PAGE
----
I push the accelerator all the way down and turn the key.  The Granada whines, coughs, then roars to life. It reeks of cigarettes and coffee, the floorboards littered with Styrofoam cups, crumpled wrappers, newspapers, and a few battered science fiction paperbacks.   I keep the gas pedal depressed, smash the brake pedal all the way to the floorboard with my left foot, and shift the car in reverse just as I’ve watched my father do a hundred times.  I check for cars and let off the brake.  I fly into reverse, smash down the brake again, let off the gas for a split second, then shift into drive and slam the gas down before the heap of shit can stall.  I careen out onto Jefferson Street.  


            For the last three years, before my father was fired as head groundskeeper of the Eagleville Country Club, he got to drive their metallic green Chevy Silverado pick-up.  PCC was painted on the door in ornate white lettering.  That’s what I thought I’d get to drive on my dates once I got my license.  The day after he was fired and lost the use of the truck he bought this piece of shit car for $500.  This heap was the reason I had to refuse to go to the prom with Sara last year.  Of course I didn’t say so as she would have just borrowed her father’s Cadillac for us.  But then I would have been a charity case and I just wasn’t going to do that.  That’s not how we do it in my family.  We suffer before we ask for help.  So I never mentioned to Sara that I was embarrassed about driving the Granada.  Instead, I went on a rant about the prom representing the worst of American ideals: snobbishness, opulence, deception, vanity.  I told her she could find another date if she felt she had to attend this desperate celebration of that which most of us don’t have.  I wasn’t going to pretend I was English royalty in the middle of backasswards Missouri (and damned if I didn’t start believing my own bullshit after a while—I was ready to start rallying a prom protest).  But Sara said fine and found herself another date in about three seconds (Andy Hall) and I spent that night writing her a seven-page letter explaining why she absolutely shouldn’t have done so, why sometimes love compels us to make certain sacrifices and how was she going to feel if I decided to run away forever, never to be seen again, all so that she could parade around in the high school gym with an asshole in a tuxedo who only wanted to fuck her in the back seat of his idiotic car (and who ultimately did just that). 


An object will accelerate in the direction of an unbalanced force.  The amount of acceleration will depend on the strength of the force and the mass of the object


            As I chug along First Street toward home, I stick my head out the window for some fresh air and gaze at the full moon.  Although you really can’t distinguish very well when it’s full, I know where to look for the ringed basins Mare Crisium, Mare Serenitatis, and Mare Imbrium.  I can barely see the bright light crater ray Tycho spider-legging its light across the ragged surface.  I know that the moon has been worshipped, feared, mythologized, you name it, but I can’t help but feel sorry for it.  I know this is nonsense, that a cosmic satellite sure as hell doesn’t want or need my pity, but I can’t help it.  If you pity a beaten dog, an acne-scarred teenager, a trailer park ravaged by a tornado, you must feel bad for the moon with its 30,000 identifiable craters.  With its wimpy escape velocity of 2.4 kilometers per second and no atmosphere to speak of, it’s a sitting duck for chickenshit meteorites that have nothing better to do than knock giant craters into defenseless planets.  I hate that.  Leave the moon alone already!  Go pick on those obnoxious gassy giants, Jupiter or Saturn, or see how you like messing with the mighty sun.  Andy Hall, meteorite.  Minh Thomas, moon.  Okay, that’s whiney self-pity at its best, but come on.  Didn’t I just get my ass kicked?  Didn’t my bike just get pissed on?  Am I not driving the world’s ugliest car?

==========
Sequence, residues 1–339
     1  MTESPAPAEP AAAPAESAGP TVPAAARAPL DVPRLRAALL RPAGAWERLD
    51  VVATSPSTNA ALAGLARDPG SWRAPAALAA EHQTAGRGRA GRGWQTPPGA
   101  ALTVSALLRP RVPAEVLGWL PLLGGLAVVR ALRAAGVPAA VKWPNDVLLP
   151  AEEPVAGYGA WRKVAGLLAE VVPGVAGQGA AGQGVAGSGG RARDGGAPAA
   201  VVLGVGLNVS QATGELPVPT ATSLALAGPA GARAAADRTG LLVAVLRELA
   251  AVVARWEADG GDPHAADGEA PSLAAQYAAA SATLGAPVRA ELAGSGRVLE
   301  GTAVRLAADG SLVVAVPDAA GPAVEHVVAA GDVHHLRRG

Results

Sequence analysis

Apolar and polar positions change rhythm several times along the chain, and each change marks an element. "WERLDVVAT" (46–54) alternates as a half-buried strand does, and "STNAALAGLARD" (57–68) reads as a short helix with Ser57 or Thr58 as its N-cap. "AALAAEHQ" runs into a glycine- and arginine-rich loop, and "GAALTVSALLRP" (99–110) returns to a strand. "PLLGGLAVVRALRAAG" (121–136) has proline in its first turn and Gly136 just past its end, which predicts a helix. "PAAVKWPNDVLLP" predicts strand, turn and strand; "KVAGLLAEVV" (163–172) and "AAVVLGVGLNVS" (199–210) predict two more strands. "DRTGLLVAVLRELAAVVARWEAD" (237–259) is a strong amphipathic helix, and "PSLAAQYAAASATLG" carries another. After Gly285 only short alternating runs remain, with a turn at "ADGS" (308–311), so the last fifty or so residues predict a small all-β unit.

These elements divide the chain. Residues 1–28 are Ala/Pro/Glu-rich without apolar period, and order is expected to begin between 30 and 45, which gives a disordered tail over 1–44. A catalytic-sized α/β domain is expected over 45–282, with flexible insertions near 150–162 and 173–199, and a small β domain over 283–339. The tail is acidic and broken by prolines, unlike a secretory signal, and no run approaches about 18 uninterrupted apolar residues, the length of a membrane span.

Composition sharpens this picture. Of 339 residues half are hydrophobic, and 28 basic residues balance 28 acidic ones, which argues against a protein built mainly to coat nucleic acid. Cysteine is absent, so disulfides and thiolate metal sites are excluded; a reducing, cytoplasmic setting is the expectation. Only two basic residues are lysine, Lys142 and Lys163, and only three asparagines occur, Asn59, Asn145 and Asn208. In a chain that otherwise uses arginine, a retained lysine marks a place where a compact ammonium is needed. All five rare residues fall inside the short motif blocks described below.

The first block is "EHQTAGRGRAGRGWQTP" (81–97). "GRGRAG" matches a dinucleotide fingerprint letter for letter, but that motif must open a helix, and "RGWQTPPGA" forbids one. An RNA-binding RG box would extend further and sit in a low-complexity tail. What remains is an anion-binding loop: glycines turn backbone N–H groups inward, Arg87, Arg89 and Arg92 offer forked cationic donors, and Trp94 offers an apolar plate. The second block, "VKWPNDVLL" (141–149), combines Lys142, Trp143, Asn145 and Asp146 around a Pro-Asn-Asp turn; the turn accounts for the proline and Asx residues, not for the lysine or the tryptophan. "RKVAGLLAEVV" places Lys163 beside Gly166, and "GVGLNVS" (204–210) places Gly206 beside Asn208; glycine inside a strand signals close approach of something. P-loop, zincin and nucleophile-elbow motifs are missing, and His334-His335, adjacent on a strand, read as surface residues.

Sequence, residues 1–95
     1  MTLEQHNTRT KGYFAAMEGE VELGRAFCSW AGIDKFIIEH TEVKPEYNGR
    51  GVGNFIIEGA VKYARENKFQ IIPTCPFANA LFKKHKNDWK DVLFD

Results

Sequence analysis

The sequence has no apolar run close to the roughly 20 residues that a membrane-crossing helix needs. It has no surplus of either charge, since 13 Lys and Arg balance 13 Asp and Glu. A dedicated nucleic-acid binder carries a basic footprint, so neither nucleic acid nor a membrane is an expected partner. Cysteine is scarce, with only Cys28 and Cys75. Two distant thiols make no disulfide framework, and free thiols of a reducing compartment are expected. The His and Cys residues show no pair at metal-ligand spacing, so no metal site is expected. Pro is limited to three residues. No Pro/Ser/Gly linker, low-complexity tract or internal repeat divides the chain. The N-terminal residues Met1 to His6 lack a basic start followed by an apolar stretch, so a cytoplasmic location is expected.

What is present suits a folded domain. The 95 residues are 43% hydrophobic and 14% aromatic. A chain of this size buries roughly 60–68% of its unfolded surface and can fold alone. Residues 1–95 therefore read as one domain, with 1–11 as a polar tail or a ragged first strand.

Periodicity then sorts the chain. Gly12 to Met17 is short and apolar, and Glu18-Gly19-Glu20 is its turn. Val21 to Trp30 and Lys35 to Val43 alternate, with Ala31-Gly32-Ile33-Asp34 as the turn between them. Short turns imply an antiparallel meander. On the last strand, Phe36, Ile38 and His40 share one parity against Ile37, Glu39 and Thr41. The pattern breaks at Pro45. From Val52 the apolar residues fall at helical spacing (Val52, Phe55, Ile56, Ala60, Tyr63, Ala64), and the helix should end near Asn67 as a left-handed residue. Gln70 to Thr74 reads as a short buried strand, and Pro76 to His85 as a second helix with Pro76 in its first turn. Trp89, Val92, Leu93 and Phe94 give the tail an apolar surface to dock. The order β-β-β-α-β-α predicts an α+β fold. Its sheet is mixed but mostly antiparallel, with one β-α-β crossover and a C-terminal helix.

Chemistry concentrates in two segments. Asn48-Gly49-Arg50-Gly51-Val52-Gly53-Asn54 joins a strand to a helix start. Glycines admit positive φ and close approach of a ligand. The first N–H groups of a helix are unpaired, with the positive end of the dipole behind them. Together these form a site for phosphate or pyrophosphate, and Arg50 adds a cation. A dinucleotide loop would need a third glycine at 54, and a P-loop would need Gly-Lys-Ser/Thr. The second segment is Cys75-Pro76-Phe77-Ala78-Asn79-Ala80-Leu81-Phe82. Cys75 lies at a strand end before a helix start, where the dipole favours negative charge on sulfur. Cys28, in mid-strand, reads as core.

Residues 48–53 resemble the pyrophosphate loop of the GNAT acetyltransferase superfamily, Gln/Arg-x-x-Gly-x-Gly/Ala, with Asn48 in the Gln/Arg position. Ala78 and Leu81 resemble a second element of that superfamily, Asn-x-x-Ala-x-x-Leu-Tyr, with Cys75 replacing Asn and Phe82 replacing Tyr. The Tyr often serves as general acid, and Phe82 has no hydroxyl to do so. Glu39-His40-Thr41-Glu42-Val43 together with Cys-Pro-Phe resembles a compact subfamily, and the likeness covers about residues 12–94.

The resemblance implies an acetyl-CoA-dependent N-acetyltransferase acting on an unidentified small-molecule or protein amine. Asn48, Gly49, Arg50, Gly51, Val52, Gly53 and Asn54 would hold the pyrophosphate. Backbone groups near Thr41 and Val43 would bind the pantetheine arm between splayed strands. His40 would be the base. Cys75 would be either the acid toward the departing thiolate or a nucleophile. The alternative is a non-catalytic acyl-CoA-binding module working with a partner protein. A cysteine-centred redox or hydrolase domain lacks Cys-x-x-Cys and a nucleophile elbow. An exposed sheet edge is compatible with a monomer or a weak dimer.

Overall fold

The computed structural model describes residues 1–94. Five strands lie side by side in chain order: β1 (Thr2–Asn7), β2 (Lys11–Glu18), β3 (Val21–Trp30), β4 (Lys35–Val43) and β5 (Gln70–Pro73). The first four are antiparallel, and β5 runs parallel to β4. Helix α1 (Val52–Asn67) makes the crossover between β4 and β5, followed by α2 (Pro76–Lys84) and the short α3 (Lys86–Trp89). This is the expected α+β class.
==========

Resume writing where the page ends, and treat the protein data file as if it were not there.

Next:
Revolutionibus Orbium Coelestium. I’ve been studying the great Nicholas Copernicus in Physics class.  Our teacher, Mr. Huffman, said yesterday that his brilliant book,  changed the world forever. Copernicus -- mathematician, astronomer, physician, and church canon-spent most of his life gathering evidence that would prove the absurdity of the geocentric model of the solar system.  Copernicus correctly hypothesized that the earth, along with the other planets and moons, are orbiting the mighty sun.  Everything does not revolve around us, he insisted.  I was duly impressed with Copernicus, of course, but yesterday while in the library, I discovered my new hero of astronomy: Giordano Bruno.  Fearless Bruno, who was obviously not in Copernicus’s intellectual league (yet no dummy by any stretch!), spent six years in a Roman dungeon for lecturing on and publishing Copernicus’s theory.  Keep in mind that the brilliant Copernicus, while certainly not a coward, was not willing to take on the Catholic Church.  He did his fair share of ass-kissing.  But Bruno would not sit on the truth.  He was no ass kisser.  He went to London, Paris, Wittenberg, Helmstadt, Frankfurt, Venice.  He was excommunicated, imprisoned, and eventually burned at the stake when he would not recant his teachings.  Before his final judges he proclaimed, “It is a poor mind that will think with the multitude because it is the multitude: truth is not altered by the opinions of the vulgar or the confirmation of the many.  You who sentence me are in greater fear than I who am condemned.”  Take that, Andy Hall!